Here is the sauce breakdown:

Smooth! Good!

Phlegm glob! Bad!

Beans shoved into custard! Compromise!

RuPaul! Fierce!

Speaking of berries, this brings me to Cold Fruit Soup. Yeah, weird, right? This is a soup that is a dessert. A dessert that is a soup. And a little bit of a gazpacho. The damn dish has an identity crisis. Needless to say, there was no way in hell the Safeway was going to have rhubarb in stock so what I did was boil unfiltered, organic apple juice with assorted frozen berries.

Ectoplasm, now in mixed berry!

I did the corn starch mixture, etc. etc. etc. and stirred and stirred and stirred. The soup/dessert (Doup? Soussert?) did thicken up in the refrigerator, but the result was kinda like not fully set Jell-O that tasted like an organic fruit juice smoothy thing. It seemed pointless. Either be juice or be Jell-O. Pick one, bitch! You can’t be both! Well, unless you’re a drag queen, I guess.

Oh, I also made a salad and baked some potato slices per #29’s instructions.

Anyway, to the left is the completed meal.  I still don’t like meat loaf. It’s a bland block of meat. At least Cleve ate the leftovers for lunch a few times. The loaf was best crumbled in a pasta bake because I was able to douse it with Italian spices. So for me, as a whole, this meal was a fail. If for no other reason just because it bored me. Everything was half-assed, like a sad lame cocktail dress on which all the hems are unfinished. And yeah, I’m looking at you Shangela. Halleloo!

Oh, and one last thing: I wanna lip sync for my life to this shit. But in the end, #29 Meat Loaf: sashay away.

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5 Responses to 29. Meat Loaf

  1. spencer says:

    i was never a fan of loafed meat. I would eat it when my mom made it, but if i saw it being prepared – the mixing in of the egges – i would throw up in my mouth. meatBALLS were ok though. go figure.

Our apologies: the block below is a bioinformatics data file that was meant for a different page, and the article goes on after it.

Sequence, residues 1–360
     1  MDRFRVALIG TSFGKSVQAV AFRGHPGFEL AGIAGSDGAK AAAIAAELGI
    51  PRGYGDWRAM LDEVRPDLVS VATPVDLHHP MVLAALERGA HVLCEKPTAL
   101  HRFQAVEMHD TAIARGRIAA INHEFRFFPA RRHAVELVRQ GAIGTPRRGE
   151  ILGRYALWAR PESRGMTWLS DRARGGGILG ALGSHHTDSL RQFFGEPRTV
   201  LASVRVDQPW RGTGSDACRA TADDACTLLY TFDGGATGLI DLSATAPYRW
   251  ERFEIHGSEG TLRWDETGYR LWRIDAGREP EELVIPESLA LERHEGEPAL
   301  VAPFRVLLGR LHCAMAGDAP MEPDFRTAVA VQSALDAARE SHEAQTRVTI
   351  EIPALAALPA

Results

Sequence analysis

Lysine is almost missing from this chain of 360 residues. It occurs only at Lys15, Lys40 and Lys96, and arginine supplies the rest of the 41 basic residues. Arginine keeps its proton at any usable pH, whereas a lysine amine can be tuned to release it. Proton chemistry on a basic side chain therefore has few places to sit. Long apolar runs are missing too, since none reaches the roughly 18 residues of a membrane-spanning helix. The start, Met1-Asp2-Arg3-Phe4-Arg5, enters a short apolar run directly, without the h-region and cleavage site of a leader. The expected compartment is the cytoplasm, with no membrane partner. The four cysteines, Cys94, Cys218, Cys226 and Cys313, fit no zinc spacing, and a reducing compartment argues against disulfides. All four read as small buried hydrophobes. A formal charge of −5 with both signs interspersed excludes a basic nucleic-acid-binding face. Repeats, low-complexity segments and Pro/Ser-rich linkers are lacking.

2. Jen L. says:

    I don’t understand the appeal of the loaf of meat either but I think it’s possibly a nostalgia thing. The 70s involved a lot of ground meat and this meal may bring back sweet memories of childhood dinners, served around an actual table, with both parents and siblings present. No rushing to soccer or band practice. No meetings to attend or X box games to be played. Just family dinner, always served at 6pm back in the day. My mom did the meatloaf and brown gravy deal but always, always had her fabulous mashed potatoes on the side. I have to say, this was my favorite DiS so far even if it was a fail. Love the attitude:)

  3. mum says:

    meatloaf is definitely generational…perhaps it will make a comeback in another generation or two. you reminded me of how much i enjoy rupaul. i hope ‘drag race’ is on demand!

  4. Travelling back from the future to comment on the meatloaf debate. I’m British, so I have no nostalgia for meatloaf – I love it because it’s basically, like you said, a huge meatball. It helps that I make it Jamie Oliver style, patted into a sort of Rugby-ball shape and cooked in a roasting pans, not in a loaf tin – so it cuts into round slices (round things are tastier) which are browned on all sides, and the grease runs off. I cooked it in a loaf tin once and nearly passed out because of the GREASE. I also put in garlic and various herbs and spices so it’s not bland. I do it with Yorkshire puddings and gravy :-).